Welcome to Britain’s oldest seaside resort.
Folks have been holidaying on the East Yorkshire coast since the 1700s, when the bourgeois flocked to bathe in its healing spa waters, and reminders of the town’s opulent heyday can be seen in its grand crescents, architecture, parks and concert spaces.
The best things to do in Scarborough are certainly a jump in the past; but nowadays, you’ll find water parks, arcades and clinquant trappings peppered in-between.
In short, it’s the perfect seaside spot, where donkey rides and ice cream sundaes meet quirky markets, craft beer and cutting-edge theatre.
The Scarborough Fair Collection
For a great British seaside nostalgia trip, take a whirl on a merry-go-round that looks ripped from a scene in ‘Mary Poppins’, ride the dodgems, try your luck in the penny arcade and ogle at the old-school cars and buses, some of which date back to the 1920’s. Don’t miss out on afternoon tea in the ballroom to the sounds of a Wurlitzer organ, for the cherry on top of this wonderfully twee cake.
As well as the remains of a 12th century fortification developed by Henry II and King John, you’ll find Iron Age settlements, a Roman signal station, medieval chapel and stunning views of the town’s north and south bays on this cliff top fortress, where you can look around the Master Gunner’s House, which is full of fascinating prehistoric artefacts.
You’ll find all the amusements you could ask of a former Victorian pleasure beach on the South Bay. Take a donkey ride, hit up the amusement arcades, stroll down the promenade and watch the boats coming in and out of the harbour. Head to the wilder, rockier North Bay to beat the crowds, explore rock pools and take pictures of the colourful beach huts. Arrive on the stands in style in the Cliff Lift, the oldest funicular railway in the country.
This gorgeous space is packed full of natural history. Check out the Speeton Plesiosaur skeleton – a marine reptile from the lower Cretaceous period, dinosaur footprints found on East Yorkshire’s dino coast and the gnarly skeleton of the bronze-age Gristhorpe man.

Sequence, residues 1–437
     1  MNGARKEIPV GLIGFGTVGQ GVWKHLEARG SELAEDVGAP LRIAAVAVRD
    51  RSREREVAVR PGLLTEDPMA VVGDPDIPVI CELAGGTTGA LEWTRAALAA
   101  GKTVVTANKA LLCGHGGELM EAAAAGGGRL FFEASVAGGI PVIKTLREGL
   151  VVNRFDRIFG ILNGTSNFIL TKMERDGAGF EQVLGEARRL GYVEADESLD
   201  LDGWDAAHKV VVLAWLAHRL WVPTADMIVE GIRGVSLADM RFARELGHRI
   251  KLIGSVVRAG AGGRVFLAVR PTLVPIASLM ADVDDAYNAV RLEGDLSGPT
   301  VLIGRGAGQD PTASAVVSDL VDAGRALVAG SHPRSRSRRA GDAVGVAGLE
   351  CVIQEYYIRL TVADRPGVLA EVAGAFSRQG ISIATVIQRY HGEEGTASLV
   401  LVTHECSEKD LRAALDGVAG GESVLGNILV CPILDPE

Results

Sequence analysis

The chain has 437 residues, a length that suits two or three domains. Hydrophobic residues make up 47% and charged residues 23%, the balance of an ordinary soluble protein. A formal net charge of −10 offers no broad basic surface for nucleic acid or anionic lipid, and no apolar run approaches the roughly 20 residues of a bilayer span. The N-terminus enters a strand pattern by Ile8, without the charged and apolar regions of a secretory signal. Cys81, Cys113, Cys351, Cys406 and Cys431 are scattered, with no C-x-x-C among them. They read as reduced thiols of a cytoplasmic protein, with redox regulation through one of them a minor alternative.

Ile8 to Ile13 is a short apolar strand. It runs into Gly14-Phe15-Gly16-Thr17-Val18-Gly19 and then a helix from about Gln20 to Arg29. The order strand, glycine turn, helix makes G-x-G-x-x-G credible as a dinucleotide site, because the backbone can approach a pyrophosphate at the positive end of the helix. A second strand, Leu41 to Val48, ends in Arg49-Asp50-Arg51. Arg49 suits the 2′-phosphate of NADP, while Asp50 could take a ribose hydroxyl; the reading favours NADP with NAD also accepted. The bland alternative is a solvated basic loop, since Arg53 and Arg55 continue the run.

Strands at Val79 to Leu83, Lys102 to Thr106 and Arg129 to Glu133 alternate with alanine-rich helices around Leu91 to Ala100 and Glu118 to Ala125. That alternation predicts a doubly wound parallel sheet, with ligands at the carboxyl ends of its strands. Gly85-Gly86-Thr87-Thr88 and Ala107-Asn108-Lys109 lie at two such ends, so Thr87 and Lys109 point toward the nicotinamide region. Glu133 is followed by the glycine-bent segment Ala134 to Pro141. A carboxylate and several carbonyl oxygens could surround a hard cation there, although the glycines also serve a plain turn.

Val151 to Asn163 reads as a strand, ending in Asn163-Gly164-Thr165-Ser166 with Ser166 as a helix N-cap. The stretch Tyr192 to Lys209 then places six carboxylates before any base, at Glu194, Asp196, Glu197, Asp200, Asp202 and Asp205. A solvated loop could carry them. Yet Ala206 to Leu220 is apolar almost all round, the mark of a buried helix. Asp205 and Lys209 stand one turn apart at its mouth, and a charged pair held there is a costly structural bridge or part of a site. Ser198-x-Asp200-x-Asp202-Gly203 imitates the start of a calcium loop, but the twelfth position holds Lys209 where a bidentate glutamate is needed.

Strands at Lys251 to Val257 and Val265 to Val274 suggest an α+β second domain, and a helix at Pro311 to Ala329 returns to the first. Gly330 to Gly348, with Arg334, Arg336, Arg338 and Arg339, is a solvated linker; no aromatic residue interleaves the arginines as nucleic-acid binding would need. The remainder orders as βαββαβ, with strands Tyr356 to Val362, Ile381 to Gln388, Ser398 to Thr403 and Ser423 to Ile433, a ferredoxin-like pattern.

Scarborough Market Hall and Vaults
Pick up weird and wonderful curios in the Vault’s Authentique antique shop, get your mitts on beautiful handmade glassware in Gekoglass, stock up on jars of locally-sourced raw honey at The Honeycomb Shop, stop for a flat white at the Scarborough Coffee Company and keep an eye on their programme of events and live music.
St Mary’s Church and Anne Bronte’s Grave
There’s a steep climb to the church’s hilly spot overlooking the old town, but it’s worth it for a snoop around the picturesque interior filled with beautiful stained glass. Get an eyeful of some fantastic sea views from the church yard and see if you can find the grave of Anne Bronte, the youngest of the famous literary clan. The Bronte sisters are practically royalty around these parts, so don’t miss the chance to pay your respects to the only one of the three sisters buried outside of their hometown of Howarth.
Seeing The Spa Orchestra play in this magical spot is real treat. At 106 years old, they are the last surviving professional seaside orchestra. Their repertoire of classical ditties, Viennese waltzes, operettas and popular Victorian songs is totally unique, as well as being set to the lulling accompaniment of breaking waves.
Head to one of the regular beer festivals to guzzle down tasty pints, including their Citrusy golden ale Sealord and refreshingly fruity pale session beer Trident, while listening to live music on the brewery floor. Look out for brewery tours to really get to know the place.
Scarborough Art Gallery
Check out Leeds artist John Atkinson Grimshaw’s beautiful seascapes, works by Frederic Lord Leighton and Frank Brangwyn and the gallery’s brilliant contemporary print works from the Printmakers Council’s permanent archive. Look out for super-informative temporary exhibitions, which have ranged from explorations of Scarborough’s Victorian pleasure beach past to displays on women in WWII.
Stephen Joseph Theatre
This intimate space will forever be tied to Alan Ayckbourn, one of Britain’s most-loved playwrights, who began working for Joseph in 1957 and was artistic director here from 1972 to 2009. Bask in the glory of this lovely little place’s history and revel in its cutting-edge programme filled with fresh writing and steeped in local pride.
Owner Giulian Alonzi, who was born and raised in the flat above the shop, churns 500 litres of ice cream an hour – and it’s some of the tastiest in Yorkshire. Tuck into a pastel-coloured ‘99 or a huge cream-filled wafer-topped Knickerbocker Glory. Or during the winter months, opt for a hot chocolate and bacon sarnie.
Full of streams and gurgling waterfalls, this is a charming oasis away from the bustle of the seaside. Glide along the calm lakes on dragon-shaped pedalos, take a ride on the miniature railway and look out for the famous miniature naval sea battles acted out in the lake in over the summer.
Prices are on the dearer side, but worth it for the hours of fun you can pack in here. Whizz down the Black Hole, the longest waterslides in the UK, plunging thrill-seekers down an 11m drop at 30mph, take a soak in the heated outdoor pool with gorgeous views stretching across the beach and visit the Alpine-style wellness centre for saunas, steam baths and treatments.